In homage to Stuff Christians Like

SCL: Breaking the rules of the prayer meeting.

When you give in to the boundless love of your Maker, when you quit trying to be all ‘I know better than the Creator of the Universe’  and accept that really only He can sort out the mess in your heart and this world, there are a few things they don’t mention in the small print.

You thought it would be all unconditional love, redemption and freedom from now on, but really you’ve inadvertantly signed up to the thing known as the Christian Subculture.  Whatever church you have become part of has it’s own culture for you to learn and attempt not to be assimilated into.  There are rules to be followed, standards to live up to and ways to behave. It would take more time than my busy day at work allows to list all of these, and anyway they’d be slightly different depending on the church you’ve found yourself in and the country you are in. Last night saw such a mighty rejection of the rules down here that I feel compelled to record it.

Last night my husband broke one of the cardinal rules of the prayer circle.

Picture the scene. There are three or four of you, you’ve all shared your prayer needs/wants/avoidance of the real issue in your heart and now it’s time to pray. You all know the drill. It’s a bit like the last scene in The Waltons (I really have no idea what that scene is about, I’ve just read The Beach) where they say g’night to each other. You have to pray for one person only in the group. They then pray for someone else, who then prays for someone else. You all get cover, no-one feels left out and everyone goes home happy (although if the circle is bigger than 6 it all gets a bit awkward as no-one is really thinking about praying, just:  is everyone covered? who prayed for Bob? did anyone pray for Bob? do I have to pray for Bob? but I’ve just prayed for Jane, I can’t… oh phew someone is praying for Bob. It all gets a bit sweaty).

There are more subtle rules as well: You can’t pray for everyone in one hoover prayer as everyone else only has silence to offer and feels awkward praying the same prayer for someone again. Two people can’t pray in turn for the same person – what was wrong with the first persons prayer that the second one felt compelled to restate the issue before the Almighty?

It’s one, then another, then another until we’re all prayed for. That’s the rule. Deal with it.

Except last night my husband broke the rule. He was in a circle of three. Someone prayed for him. He flouted all convention and prayed right back at her. The third person was left hanging. What to do now,?  The first person will have to pray again, this time for the third person.  Who will the third person pray for? Herself? That breaks all the conventions. Talking to God about your own problems in a prayer meeting? Not cool. Seriously not cool.

Has anyone else experienced such rule breaking going down in their neck of the Christian woods? Lets out these people. (purely for repentance purposes you understand…)

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7 Responses to In homage to Stuff Christians Like

  1. When I used to meet with AJS and CH (names obscured for those not in the know!) I can only presume one of them wasn’t listening – because I was regularly prayed for twice while one of my brothers was left, as they say, hanging…

  2. hoveactually says:

    that’s clearly because they loved you more, you were the lynch pin of the group, if you’d have left that would have been the end of them praying together. Do they still talk? 🙂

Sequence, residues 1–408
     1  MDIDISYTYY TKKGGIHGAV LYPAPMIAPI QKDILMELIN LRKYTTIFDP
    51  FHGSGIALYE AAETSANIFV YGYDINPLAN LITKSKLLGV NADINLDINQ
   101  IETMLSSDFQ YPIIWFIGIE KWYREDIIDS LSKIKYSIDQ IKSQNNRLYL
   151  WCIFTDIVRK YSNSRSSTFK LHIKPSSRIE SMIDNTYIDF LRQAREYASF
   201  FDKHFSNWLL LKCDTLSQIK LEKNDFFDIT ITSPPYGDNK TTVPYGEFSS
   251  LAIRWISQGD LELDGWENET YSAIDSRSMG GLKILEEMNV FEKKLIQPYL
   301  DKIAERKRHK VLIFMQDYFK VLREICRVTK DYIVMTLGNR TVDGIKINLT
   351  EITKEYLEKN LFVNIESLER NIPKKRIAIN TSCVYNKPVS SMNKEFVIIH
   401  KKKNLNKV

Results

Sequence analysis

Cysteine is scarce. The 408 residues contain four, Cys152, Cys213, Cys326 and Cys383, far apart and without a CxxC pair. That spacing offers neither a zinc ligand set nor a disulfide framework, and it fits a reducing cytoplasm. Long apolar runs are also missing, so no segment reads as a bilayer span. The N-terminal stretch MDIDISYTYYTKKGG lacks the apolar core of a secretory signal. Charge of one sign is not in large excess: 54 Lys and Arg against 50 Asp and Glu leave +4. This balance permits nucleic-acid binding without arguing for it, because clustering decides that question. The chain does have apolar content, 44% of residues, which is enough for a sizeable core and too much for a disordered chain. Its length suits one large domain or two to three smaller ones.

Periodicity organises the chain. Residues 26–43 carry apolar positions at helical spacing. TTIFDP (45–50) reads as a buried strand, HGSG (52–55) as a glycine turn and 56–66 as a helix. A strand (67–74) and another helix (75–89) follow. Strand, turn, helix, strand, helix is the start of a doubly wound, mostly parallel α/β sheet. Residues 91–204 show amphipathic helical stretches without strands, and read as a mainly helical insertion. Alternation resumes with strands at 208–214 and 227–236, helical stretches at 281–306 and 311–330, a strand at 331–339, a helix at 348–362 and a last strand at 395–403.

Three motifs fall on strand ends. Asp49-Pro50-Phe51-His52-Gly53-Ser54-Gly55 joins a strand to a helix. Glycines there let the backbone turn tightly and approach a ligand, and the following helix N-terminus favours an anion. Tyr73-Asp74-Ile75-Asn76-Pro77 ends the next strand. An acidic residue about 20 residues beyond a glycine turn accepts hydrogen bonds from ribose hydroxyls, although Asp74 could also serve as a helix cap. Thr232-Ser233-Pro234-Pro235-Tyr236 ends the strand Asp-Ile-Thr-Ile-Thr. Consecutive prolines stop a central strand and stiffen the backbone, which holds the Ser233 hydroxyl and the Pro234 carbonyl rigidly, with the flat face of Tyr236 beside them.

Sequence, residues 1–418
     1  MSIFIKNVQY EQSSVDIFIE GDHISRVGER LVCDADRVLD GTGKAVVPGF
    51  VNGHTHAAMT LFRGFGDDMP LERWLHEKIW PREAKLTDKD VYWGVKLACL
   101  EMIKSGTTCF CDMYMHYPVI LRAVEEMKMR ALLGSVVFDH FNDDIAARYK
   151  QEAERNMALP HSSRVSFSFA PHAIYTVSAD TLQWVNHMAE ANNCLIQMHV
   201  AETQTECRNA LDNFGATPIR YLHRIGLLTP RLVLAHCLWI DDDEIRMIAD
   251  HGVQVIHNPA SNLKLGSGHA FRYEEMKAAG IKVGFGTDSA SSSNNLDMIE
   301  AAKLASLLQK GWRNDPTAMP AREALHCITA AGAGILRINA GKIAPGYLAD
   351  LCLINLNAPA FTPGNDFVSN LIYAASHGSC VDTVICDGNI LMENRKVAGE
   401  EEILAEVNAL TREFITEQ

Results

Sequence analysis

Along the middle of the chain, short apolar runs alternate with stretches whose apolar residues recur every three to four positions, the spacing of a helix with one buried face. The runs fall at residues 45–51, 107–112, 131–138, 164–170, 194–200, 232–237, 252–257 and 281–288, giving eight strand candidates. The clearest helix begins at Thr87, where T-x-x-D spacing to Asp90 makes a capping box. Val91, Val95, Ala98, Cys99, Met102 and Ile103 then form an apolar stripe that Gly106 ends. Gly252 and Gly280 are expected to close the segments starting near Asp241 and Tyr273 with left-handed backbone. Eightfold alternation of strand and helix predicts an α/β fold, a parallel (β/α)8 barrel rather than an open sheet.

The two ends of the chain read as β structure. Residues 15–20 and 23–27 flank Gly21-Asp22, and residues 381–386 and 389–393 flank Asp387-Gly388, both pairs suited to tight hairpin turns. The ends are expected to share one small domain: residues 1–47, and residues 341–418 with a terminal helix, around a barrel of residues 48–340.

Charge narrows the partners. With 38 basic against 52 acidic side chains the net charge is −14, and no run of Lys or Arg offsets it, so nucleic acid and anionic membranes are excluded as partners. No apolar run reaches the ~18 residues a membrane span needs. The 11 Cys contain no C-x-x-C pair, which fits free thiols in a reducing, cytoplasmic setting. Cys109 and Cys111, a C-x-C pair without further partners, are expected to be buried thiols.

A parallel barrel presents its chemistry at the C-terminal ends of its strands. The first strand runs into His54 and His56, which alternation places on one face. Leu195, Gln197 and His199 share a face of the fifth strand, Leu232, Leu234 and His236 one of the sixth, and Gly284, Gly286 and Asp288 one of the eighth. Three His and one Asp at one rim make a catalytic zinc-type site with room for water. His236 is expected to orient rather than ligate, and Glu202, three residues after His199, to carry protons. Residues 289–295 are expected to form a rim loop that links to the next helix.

3. Sally Reeve says:

    This made me laugh – thanks!!

    3 more rules:

    1. The final prayer must start with the words ‘And so Lord…’
    2. No one must pray after the ‘and so Lord’ prayer, even if someone in the circle hasn’t been prayed for.
    3. If you think of someone to be prayed for who you forgot to mention when prayer needs were being shared, you can pray for them, but you must give their potted life history first – telling God where they live, their relationship to you, why they need prayer etc etc. Actually praying for them is optional at this point.

  4. hoveactually says:

    Genius Sally, pure genius!
    🙂

  5. anna faro says:

    genuis to all of it mate! i love your encapsulation of the oh so familiar yet clearly ridiculous. Tell kevin to do something that bit more outrageous next time, for all our blogging pleasure 😉

  6. When I used to meet with PS and CH (names obscured for those not in the know!) I can only presume one of us wasn’t listening – because PS was regularly prayed for twice while one of us was left, as they say, hanging…

    😉

  7. John Walker says:

    Last night our church leader, Betsy, decided not to pray after the first lump or worship. When they always pray. And everyone in the room stared in confusion. And she laughed. A lot. And pointed out how easy it is to get religious about that sort of thing.

    Re. small prayer things. A guy I met in Guildford once described such time as “a time of cow prayer”, because everyone goes, “Mmmmmmm” throughout each other’s praying. Pointing this out at the beginning can make for an excellently awkward time. Do try this.

    Although as you get more charismatic, the cows become more evolved, and start gabbling away while someone’s talking.

    My favourite game to play during these times is to count how many times people say the word “just”.

    “Lord, I just really want to pray right now that Simon can just really receive the blessings that he just really needs right now Lord. I just pray this in your name Lord.”

    I’m possibly not very good at praying.

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